Our comment: The new land acquisition increases SODIC’s undeveloped land bank by c9% from the most recently announced undeveloped area of 5.60m sqm as of 4Q20, while it increases the company’s sellable BUA by c4% and the value of its sellable inventory by c7%. In the release, the company’s guidance for the project includes (1) EGP10.0bn of sales proceeds, (2) a GLA of 0.52m sqm, (3) a six year sales period, (4) a land cost of EGP1.23bn, and (5) a land payment period of six years. The mentioned givens entail an average selling price of EGP42,553/sqm over the lifetime of the project, while the announced area and BUA entail a FAR of 0.45x. To quantify a value for the project we use a 7-year payment plan with a c10% down payment and equal installments for the six year sales timeframe, yielding a total collection period of 12 years to account for the 6-year sales schedule. On the costs side, we derive a development cost using a blended margin of c43% (similar to SODIC’s Villette), while we use a development schedule of 4 years that is back loaded. The c43% margin includes the BUA development component which we estimate to be EGP4.50bn in addition to the EGP1.23bn of land costs. We also deduct SG&A expenses of c5% of sales, apply an effective tax rate of 22.5%, and use a WACC of c17% to discount the cash flows. The project is likely to see negative cash flows during the early years due to the land payments to NUCA but we expect positive cash flows to begin by year 5, on our numbers. The project’s details in addition to our assumptions yield an NPV of EGP630m for the project, EGP1.77/share and an NPV of EGP1,219/sqm. Our TP for SODIC is EGP30.0/share so the new project adds c6% to our valuation but we believe the stock price will respond more to the potential acquisition by Aldar Properties (ALDAR UH).
Orascom Construction (ORAS EY, OC DU): The company added USD1.1bn to its backlog in 2Q21, marking a c52% y-o-y increase and taking the estimated consolidated backlog to USD5.8bn as at the end of June, it announced. Projects in Egypt comprised 32% of new awards as the group added contracts across the water and industrial sectors, while new awards in the US accounted for 68% of the total due to sizable projects in the data center sector. (Company release)
Our comment: The new awards figure comes a substantial c44% ahead of our estimate of USD766m, with the US beat more than offsetting the miss from Egypt. Management had hinted that 2Q21 would make up for the weak awards in the previous quarter especially in the US in data centers, with 1H21 overall now looking strong, though the mix is clearly less optimal for margins. We expect the relatively weak awards from Egypt will be made up for as the company signs the final contracts for the high-speed rail likely in 3Q21 when the financing is complete, among other projects in the transportation sector pipeline. The industrial segment in Egypt is seeing initial signs of a comeback, in our view, though still mainly government related, with this quarter’s bit likely reflecting the two EGP2.6bn textile manufacturing complexes signed last week. The backlog figure, however, suggests executions during the quarter could have come in below our expectations, which we will be able to confirm along the release of the 2Q21 financials.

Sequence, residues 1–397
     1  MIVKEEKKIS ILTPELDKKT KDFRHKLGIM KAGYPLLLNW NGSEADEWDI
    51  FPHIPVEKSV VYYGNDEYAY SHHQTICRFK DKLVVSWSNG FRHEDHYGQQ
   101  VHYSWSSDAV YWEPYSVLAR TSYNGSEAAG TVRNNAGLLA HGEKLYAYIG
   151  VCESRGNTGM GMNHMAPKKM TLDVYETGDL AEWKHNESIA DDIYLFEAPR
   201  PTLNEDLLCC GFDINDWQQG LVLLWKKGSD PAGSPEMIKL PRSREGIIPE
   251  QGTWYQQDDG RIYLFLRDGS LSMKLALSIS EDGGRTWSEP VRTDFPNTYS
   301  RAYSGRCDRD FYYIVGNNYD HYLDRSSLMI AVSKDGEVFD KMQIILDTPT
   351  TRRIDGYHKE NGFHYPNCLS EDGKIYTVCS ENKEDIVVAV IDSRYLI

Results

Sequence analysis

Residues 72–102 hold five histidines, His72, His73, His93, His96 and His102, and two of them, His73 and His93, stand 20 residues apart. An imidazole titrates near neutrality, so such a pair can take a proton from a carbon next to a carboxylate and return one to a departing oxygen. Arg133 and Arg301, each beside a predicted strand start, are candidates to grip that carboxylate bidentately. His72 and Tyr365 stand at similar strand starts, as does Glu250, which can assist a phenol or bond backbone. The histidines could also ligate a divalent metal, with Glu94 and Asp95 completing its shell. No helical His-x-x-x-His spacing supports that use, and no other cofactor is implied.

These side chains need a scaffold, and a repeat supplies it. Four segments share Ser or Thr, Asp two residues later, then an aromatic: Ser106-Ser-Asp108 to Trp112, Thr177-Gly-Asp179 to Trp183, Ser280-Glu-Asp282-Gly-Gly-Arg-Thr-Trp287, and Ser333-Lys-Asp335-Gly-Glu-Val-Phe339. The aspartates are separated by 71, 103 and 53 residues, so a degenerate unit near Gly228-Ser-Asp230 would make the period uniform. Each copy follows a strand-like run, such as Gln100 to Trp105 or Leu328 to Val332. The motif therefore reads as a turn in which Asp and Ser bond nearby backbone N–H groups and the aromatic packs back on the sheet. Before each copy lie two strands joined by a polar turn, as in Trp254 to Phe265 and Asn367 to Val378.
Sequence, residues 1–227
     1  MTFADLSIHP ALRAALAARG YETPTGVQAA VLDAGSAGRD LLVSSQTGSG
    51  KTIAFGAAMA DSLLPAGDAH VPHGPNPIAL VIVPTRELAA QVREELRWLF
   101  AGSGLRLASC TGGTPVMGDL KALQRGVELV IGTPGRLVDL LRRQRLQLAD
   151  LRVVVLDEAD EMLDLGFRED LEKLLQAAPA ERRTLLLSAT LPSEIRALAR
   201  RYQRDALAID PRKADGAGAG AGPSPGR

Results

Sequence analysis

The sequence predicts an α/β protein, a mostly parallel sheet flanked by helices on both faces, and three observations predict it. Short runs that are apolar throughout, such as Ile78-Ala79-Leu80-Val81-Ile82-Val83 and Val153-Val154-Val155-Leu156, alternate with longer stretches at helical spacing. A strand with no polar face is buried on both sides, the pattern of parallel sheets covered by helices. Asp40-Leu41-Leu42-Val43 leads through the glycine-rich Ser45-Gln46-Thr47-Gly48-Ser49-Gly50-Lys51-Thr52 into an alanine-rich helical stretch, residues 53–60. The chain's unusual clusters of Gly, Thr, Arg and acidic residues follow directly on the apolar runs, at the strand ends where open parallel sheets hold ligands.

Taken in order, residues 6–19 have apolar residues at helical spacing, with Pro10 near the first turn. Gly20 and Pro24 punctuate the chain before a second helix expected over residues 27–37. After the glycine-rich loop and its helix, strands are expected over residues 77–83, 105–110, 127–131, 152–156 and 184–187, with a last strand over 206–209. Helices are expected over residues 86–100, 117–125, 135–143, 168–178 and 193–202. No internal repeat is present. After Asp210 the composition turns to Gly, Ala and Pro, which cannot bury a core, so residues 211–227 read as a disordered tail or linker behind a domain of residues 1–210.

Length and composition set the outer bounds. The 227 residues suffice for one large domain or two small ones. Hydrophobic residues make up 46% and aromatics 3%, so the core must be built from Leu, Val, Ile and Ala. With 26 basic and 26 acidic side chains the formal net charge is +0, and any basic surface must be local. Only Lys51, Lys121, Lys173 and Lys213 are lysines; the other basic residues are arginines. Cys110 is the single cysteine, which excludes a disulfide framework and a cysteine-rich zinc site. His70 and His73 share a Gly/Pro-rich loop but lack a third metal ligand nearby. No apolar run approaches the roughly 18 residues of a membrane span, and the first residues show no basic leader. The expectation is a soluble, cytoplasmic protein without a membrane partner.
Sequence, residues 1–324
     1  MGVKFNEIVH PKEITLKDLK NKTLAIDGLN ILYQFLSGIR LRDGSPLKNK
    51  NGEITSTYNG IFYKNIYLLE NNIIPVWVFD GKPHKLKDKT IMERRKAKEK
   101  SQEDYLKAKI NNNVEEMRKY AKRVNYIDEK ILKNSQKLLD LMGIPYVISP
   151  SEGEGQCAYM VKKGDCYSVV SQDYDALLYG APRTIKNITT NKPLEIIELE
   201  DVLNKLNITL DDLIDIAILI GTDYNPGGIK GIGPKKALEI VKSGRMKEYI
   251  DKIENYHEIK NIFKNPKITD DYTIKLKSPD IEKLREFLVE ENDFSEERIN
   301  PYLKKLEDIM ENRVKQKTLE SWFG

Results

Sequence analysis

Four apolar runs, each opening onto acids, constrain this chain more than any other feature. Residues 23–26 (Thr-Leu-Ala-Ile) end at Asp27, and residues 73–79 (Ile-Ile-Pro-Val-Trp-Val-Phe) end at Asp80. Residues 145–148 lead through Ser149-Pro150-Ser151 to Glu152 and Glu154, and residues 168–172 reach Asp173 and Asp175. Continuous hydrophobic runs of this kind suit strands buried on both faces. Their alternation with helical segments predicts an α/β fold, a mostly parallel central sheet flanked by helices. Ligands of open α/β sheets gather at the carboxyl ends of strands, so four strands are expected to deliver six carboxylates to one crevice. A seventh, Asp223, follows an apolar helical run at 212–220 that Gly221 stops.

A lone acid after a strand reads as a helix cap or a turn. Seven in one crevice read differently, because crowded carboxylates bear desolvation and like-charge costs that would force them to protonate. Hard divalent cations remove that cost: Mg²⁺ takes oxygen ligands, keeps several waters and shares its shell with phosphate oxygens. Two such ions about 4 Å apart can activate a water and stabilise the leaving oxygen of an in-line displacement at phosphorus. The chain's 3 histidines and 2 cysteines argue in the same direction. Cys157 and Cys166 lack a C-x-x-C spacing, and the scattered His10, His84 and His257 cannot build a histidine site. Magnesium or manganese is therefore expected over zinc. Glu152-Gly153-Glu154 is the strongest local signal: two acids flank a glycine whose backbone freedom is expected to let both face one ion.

Talaat Moustafa Group Holding (TMGH EY): Rawasy for Engineering and Development, owned equally by the National Bank of Egypt (NBE) and Banque Misr, has finalized the acquisition of real estate assets in the company’s Madinaty project for a value of EGP9.00bn, according to the legal firm that oversaw the execution of the transaction. (Al Borsa)
Our comment: This is positive news for TMG providing it with decent liquidity to meet its financing needs in 2021 and boosting its profitability. The value of this transaction is more than double the August 2020 land sale, worth EGP4bn for an area of 341,000 sqm, by TMG to the two banks under their other JV company First Design for Investment and Urban Development at an implied price of EGP11,730/sqm. The land area of the EGP9bn deal has yet to be disclosed in order to calculate the price per sqm, so applying the August 2020 price per sqm to the EGP9bn deal value implies an area sold of 767,263 sqm. We believe the high price per sqm is rewarding and compensating the company for the lost opportunity cost of developing such land.
Emaar Misr (EMFD EY): The company’s 1Q21 consolidated net income increased 2.03x y-o-y to EGP529m, according to its audited financial statements. Revenue grew 6.37x y-o-y to EGP1.54bn, and gross profit surged 22.1x y-o-y to EGP621m as gross profit margin expanded c29 pp y-o-y to c40%, it added. The company restated its 1Q20 financials as it adopted changes to its accounting with regards to its financial instruments, revenue recognition, and rental revenue recognition, it also said. (EGX)